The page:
51

335 F.2d at 617.

52

Our second case distinguishing Mann is Helms v. United States, 340 F.2d 15 (5 Cir. 1964), cert. denied, 382 U.S. 814, 86 S.Ct. 33, 15 L.Ed.2d 62 (1965), in which the precise language condemned in Mann was used in charging the jury. We affirmed, however, explaining:

53

In holding that the giving of the instruction was plain error, we were careful to point out in Mann that "(t)he sole defense of Dr. Mann was his contention that he did not intend to evade or defeat, the tax imposed; and he denied that his conduct was wilful or that he had any evil motive or intent to defraud." . . . The present case presents the opposite extreme. If the defendant actually instructed Borel to prepare the two sets of records and used the false tickets in making his income tax returns, there cannot be much doubt about his willfulness or criminal intent. While in both cases the government bore the burden of proving beyond a reasonable doubt the defendant's willfulness or criminal intent, in the Mann case the purely mental state was the crucial issue while here the contest centers about objective conduct, the preparation of two sets of records and the use of the false tickets in making defendant's income tax returns. (Citation omitted.)

54

Id. at 18-19.

55

In Nagell v. United States, 392 F.2d 934 (5th Cir. 1968), the Mann instruction was given in a bank robbery case in which the defense of insanity was a prominent issue. Applying a combination of the reasoning in Mann and Helms, we found the charge to be error. South v. United States, 412 F.2d 697 (5th Cir. 1969), reversed a gambling conviction in which the Mann instruction was used, citing Mann but not Helms. In Henderson v. United States, 425 F.2d 134 (5th Cir. 1970), a mail fraud case, we reversed for a Mann charge, with this discussion:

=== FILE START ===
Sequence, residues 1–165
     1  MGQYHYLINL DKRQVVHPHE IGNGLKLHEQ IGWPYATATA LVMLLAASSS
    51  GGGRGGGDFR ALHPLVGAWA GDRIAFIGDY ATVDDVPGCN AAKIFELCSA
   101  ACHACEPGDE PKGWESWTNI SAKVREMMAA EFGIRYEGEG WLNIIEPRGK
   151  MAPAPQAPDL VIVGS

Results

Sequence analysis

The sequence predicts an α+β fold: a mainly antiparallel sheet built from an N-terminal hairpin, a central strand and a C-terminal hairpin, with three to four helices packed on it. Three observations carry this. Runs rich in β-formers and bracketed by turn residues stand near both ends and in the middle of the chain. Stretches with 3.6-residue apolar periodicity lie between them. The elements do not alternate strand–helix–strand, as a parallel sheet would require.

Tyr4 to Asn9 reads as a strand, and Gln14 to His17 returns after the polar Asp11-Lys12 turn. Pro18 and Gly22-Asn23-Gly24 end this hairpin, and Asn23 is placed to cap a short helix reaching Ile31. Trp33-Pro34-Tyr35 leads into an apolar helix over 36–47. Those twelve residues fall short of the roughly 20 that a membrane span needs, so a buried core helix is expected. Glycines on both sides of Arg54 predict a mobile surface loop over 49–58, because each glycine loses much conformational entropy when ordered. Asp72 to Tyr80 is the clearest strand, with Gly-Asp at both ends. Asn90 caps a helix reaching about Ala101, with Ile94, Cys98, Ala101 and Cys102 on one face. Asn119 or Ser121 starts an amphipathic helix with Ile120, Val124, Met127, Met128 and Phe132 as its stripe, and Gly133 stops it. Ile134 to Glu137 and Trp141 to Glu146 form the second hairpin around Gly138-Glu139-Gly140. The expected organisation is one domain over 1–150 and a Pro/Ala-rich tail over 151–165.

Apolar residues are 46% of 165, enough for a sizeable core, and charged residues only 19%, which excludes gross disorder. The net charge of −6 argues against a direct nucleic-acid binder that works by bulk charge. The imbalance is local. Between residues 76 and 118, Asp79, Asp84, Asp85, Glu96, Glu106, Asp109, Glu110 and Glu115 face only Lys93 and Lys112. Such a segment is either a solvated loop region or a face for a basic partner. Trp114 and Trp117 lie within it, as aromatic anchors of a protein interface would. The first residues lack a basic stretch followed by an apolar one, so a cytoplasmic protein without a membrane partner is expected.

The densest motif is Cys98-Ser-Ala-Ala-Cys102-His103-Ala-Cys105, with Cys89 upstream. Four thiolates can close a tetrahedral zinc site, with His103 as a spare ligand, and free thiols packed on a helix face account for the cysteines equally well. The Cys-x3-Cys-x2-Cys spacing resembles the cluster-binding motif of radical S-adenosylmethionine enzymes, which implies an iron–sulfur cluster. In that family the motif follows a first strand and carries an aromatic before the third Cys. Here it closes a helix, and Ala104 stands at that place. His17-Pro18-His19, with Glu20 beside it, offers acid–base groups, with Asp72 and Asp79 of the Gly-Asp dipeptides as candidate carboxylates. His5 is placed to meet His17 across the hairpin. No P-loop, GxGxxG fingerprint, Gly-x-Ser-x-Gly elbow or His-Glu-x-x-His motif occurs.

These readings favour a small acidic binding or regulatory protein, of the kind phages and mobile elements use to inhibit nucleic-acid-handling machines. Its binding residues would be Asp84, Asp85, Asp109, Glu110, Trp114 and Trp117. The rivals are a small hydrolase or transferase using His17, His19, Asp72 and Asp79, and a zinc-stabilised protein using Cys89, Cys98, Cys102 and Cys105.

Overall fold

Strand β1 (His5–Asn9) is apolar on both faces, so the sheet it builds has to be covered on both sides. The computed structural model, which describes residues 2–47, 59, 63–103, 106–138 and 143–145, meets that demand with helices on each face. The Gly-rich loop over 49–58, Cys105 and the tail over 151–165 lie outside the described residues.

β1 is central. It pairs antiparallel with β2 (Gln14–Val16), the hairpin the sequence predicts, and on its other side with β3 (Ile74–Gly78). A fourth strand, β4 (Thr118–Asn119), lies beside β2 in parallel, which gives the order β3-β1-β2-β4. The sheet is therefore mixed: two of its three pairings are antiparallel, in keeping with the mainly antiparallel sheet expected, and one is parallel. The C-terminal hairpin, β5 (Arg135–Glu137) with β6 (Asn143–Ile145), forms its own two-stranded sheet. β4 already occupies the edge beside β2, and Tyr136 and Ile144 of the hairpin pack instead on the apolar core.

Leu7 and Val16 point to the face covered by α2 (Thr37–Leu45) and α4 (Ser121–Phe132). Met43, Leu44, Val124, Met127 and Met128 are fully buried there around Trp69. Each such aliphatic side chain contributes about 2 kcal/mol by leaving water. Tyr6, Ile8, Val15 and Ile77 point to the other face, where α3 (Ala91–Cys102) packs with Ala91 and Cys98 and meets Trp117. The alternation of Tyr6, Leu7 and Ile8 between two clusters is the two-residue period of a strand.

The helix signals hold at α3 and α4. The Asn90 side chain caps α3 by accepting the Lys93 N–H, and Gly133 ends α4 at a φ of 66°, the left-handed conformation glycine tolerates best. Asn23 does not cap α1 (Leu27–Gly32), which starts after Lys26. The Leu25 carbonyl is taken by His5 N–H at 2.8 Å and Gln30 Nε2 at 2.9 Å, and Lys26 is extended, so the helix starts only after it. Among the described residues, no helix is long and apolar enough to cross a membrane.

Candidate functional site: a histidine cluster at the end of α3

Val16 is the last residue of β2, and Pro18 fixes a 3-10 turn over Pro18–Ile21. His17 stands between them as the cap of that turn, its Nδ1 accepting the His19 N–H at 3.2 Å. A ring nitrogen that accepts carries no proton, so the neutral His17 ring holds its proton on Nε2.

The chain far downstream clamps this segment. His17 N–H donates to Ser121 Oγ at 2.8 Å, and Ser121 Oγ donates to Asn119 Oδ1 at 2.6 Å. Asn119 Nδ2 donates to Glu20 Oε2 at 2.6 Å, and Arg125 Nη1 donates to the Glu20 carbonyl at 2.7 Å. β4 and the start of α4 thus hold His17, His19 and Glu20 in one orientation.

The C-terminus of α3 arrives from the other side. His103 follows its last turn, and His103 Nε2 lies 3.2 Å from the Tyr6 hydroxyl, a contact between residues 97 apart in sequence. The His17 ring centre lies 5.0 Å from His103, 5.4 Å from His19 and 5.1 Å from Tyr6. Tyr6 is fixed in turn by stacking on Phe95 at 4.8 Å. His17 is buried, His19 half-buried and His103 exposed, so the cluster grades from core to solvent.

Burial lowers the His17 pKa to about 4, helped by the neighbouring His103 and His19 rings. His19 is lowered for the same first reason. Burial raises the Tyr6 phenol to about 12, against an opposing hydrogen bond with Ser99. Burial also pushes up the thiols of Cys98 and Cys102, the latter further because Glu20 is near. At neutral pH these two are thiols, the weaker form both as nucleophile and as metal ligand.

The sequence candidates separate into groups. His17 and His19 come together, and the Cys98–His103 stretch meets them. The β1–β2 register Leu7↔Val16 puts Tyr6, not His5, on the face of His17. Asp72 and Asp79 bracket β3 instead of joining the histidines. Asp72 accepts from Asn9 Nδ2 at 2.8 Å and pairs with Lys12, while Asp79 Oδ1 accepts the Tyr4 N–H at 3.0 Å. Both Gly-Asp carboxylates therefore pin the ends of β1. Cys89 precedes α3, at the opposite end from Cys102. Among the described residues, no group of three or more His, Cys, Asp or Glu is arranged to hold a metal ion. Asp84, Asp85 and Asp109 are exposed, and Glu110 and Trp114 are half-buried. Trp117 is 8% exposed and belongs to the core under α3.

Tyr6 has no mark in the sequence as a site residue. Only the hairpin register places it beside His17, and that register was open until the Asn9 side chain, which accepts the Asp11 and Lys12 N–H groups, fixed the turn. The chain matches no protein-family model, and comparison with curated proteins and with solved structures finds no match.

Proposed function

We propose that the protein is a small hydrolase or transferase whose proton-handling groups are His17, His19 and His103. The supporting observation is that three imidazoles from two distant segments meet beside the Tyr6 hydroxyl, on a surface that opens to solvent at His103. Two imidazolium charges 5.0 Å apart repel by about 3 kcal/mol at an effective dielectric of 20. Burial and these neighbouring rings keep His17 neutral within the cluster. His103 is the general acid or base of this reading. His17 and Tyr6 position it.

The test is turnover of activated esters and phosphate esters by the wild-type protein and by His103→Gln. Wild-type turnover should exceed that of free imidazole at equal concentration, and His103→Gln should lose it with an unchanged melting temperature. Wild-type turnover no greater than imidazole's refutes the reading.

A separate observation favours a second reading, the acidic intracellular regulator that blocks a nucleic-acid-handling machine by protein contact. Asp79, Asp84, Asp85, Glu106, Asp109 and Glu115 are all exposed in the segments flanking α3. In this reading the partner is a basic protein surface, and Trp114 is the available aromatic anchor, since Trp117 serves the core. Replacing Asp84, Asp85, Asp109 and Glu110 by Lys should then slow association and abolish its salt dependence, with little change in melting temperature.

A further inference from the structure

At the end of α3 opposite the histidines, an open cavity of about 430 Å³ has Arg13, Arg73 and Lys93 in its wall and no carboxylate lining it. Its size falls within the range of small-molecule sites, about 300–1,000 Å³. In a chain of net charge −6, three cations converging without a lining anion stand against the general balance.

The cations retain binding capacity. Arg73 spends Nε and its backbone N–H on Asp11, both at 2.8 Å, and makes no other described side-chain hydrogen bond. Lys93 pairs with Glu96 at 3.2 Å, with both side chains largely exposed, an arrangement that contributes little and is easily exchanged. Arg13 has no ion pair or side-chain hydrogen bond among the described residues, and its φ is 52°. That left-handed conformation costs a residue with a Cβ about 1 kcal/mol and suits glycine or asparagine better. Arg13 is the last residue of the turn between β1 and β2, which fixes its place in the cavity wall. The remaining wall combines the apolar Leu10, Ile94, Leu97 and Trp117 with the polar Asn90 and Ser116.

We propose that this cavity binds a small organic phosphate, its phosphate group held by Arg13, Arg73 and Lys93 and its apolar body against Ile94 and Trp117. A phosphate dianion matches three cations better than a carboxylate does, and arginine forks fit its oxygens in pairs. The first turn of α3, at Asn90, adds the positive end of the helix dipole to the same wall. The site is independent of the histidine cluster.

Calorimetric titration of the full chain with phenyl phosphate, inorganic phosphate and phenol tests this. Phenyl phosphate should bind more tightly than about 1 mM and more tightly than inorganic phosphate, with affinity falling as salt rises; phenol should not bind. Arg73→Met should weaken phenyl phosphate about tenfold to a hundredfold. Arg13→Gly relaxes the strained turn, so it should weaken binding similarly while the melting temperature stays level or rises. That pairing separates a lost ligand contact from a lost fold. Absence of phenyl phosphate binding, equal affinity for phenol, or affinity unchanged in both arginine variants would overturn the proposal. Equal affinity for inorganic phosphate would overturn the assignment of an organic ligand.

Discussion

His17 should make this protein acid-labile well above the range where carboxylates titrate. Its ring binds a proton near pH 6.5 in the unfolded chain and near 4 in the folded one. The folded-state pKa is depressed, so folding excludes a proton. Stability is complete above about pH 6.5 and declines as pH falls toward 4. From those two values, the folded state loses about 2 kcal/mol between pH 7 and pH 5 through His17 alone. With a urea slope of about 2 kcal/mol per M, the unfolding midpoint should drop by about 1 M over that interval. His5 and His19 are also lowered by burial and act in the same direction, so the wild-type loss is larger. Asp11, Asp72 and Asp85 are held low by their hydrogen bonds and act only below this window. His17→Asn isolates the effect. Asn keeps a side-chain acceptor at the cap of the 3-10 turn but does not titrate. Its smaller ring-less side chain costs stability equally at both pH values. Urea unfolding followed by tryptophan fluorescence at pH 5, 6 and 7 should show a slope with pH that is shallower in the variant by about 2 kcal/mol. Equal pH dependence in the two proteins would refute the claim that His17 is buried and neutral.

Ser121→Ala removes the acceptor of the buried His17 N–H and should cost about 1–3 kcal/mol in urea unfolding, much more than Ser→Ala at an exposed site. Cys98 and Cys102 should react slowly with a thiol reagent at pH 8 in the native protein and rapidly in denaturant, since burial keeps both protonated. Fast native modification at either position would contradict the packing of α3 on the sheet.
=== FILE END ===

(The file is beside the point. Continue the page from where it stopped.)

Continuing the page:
56

The government strenuously argues that this Court has narrowly limited Mann in its decisions in Helms v. United States, 340 F.2d 15 (5 Cir. 1964) and Estes v. United States, 335 F.2d 609 (5 Cir. 1964). The government's reliance on these cases is misplaced. In Estes the charge did not contain language which was found in Mann to be especially harmful, i. e., "unless the contrary appears from the evidence." Furthermore, the Estes charge contained additional instructions immediately following the alleged erroneous charge that "fraudulent intent is not presumed or assumed." Here, the alleged erroneous instruction does not contain this curative language.

57

In Helms we did not limit the Mann holding but merely distinguished the two cases on the basis that Mann dealt principally with the intent or mental state of an accused while Helms dealt only with objective conduct. . . .

58

In this case we find Mann to be controlling and therefore hold that the district court committed reversible error in giving this instruction. In Helms, if the objective conduct were proven, "there (could not) be much doubt about * * * willfulness or criminal intent." Here, a central part of appellants' defense was that they did not make statements known to be false or with the intent to defraud (emphasis in original). . . .

59

Id. at 144-45.

60

The Mann charge language appeared next in United States v. Jenkins, 442 F.2d 429, 437-38 (5th Cir. 1971). We held the trial court had avoided the vice of Mann because it added to the charge the following language:

61